Tuesday, November 1, 2016

Miscellaneous Thoughts About Clothing, Sex, Food, and Capitalism

As regular readers know, there is a health problem in my family (mom, congestive heart failure, in a rehab place trying to regain her strength to go home. Stressful and time-consuming!). I didn't have the mental energy for a regular post. But here are some things that are on my mind this week:

1. Free love and politics

I just finished reading the Oryx and Crake trilogy by Margaret Atwood and I thought it was really good and full of interesting things. In case you don't know, it tells the story of a dystopian future where biotech has run amok, much of the environment is ruined, and society is divided into safe and bland "compounds," where wealthy educated people live and work, and the "pleeblands" where people are poor are things are violent and shady and unpredictable.

One of my favorite things in this book is the way Atwood depicts the "God's Gardeners," who are a gang of animal-loving, anti-materialistic, anti-technologist zealots. The Gods Gardeners are basically the heroes of the story, and there's no question they are "right" about things in some deep and important way. But Atwood also goes out of her way to say how they're also kind of dull and moralizing, insisting on drab clothing and low-key social life.

I was glad to have this pointed out. Contrary to the "harmony myth of human nature," things like making your own soap can be both really boring and the right thing to do.

At one point there's a discussion of why Katrina, who runs a fancy pleebland sex club, can't escape trouble by going to live with the God's Gardeners. The answer is that "it wouldn't have worked out" because "wrong wardrobe preferences."

I never highlight things in novels, but I highlighted that -- because it captures something deep and real and sometimes very puzzling, namely, that "free love" rebels and other kinds of political rebels often can't get along. Really: why can't you be pro-environment and pro-equality in a miniskirt and heels?

2. The cultural and personal aspects of meal skipping

After I read The Obesity Code by Dr. Jason Fung I put into practice some of its recommendations, and I started skipping breakfast and avoiding snacks. Not only did I lose weight and start to feel better physically, I also experienced other surprising positives.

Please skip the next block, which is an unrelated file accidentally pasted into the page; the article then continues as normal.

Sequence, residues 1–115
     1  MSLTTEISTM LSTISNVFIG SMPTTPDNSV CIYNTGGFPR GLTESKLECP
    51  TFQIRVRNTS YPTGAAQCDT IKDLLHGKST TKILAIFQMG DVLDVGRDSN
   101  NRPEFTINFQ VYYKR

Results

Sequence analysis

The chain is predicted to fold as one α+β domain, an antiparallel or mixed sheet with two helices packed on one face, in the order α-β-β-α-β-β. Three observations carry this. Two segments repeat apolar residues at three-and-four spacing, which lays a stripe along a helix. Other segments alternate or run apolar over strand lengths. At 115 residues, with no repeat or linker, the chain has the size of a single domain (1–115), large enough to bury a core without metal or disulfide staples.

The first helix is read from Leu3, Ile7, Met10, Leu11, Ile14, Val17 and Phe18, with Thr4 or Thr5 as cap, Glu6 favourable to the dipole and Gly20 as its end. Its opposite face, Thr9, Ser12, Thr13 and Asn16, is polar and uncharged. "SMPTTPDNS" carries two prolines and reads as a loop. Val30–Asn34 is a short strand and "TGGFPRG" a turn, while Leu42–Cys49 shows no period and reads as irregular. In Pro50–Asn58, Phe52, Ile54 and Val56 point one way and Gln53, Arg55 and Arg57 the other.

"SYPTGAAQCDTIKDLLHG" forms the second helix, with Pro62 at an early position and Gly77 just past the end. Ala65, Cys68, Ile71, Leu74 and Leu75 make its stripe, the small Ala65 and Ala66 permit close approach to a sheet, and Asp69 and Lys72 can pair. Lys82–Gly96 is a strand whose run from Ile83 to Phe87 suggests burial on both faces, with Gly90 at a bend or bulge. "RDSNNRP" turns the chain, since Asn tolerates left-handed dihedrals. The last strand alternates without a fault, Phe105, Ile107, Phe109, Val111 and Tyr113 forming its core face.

Though I think of myself as someone who isn't easily seduced by nutrition orthodoxy, I had somehow really bought into the commandment to "eat frequent small meals." Only now do I realize how ridiculously and pointlessly stressful this made my life. Being out and about all day and trying to find healthy food to eat four or five times a day? It's impossible. The standard advice -- to prepare and carry food around -- was unworkable for me.

I can't believe how liberating it is to just ... not eat when it's not convenient. My god. Yes, you get a bit hungry. But honestly, once I started separating the feeling of "hungry" from the anxiety of "not eating! unhealthy!" I found being hungry is not really a big deal.

On top of everything else, it saves money, it's consistent with environmentally friendly eating, and it requires no consumer products. Dr. Fung points out in his book how much standard nutrition advice is influenced by corporations need to make money. Skipping meals is like the opposite of that - it's like the food equivalent of buy-nothing-day.

3. How is late capitalism so strange?

It's fascinating to me how many of the things that we need most for happiness and well-being are things late capitalism is proving terrible at providing. Job security, time to care for children and others, time to cook food, opportunities for moving around and being outside, basic health care -- all things we need most, all things late capitalism seems to be eroding.

Sometimes it seems like the aspects of life that other societies are most focused on providing are just the ones we somehow expect people to deal with in the corners of their lives, as things they'll have to find a way to work out. Things like who is going to watch the kids when a parent gets sick -- it's like such a basic, basic thing, and yet somehow in late capitalism it gets treated like some kind of personal problem that everyone has to solve on their own.

I'd like to say I saw this coming, but I didn't. I was young during the days of middle-capitalism, when it really looked like with a bit of planning you could have it all kind of work. You could have the pleasures of technology and fashion without rampant inequality and with environmental protections and with structures in place to make all the difficult things work the way they should. Somehow, though, that's not how it all seems to be going.

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